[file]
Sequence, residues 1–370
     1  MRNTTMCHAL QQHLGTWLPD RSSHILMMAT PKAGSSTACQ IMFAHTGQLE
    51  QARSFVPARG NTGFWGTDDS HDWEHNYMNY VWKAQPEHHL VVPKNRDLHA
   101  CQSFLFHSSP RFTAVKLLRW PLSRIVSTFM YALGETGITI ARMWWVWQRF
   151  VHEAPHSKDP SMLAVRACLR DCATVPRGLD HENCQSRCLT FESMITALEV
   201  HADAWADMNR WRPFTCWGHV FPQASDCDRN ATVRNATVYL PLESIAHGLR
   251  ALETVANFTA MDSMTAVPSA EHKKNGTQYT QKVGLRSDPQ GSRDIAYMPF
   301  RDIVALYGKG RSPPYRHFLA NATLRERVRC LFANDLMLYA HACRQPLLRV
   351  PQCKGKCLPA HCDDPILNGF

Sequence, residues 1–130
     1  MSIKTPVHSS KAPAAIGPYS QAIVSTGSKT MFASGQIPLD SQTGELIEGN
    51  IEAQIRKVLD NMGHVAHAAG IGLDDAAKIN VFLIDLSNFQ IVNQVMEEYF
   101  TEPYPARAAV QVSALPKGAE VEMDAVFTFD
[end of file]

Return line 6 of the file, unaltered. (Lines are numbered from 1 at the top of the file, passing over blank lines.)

   201  HADAWADMNR WRPFTCWGHV FPQASDCDRN ATVRNATVYL PLESIAHGLR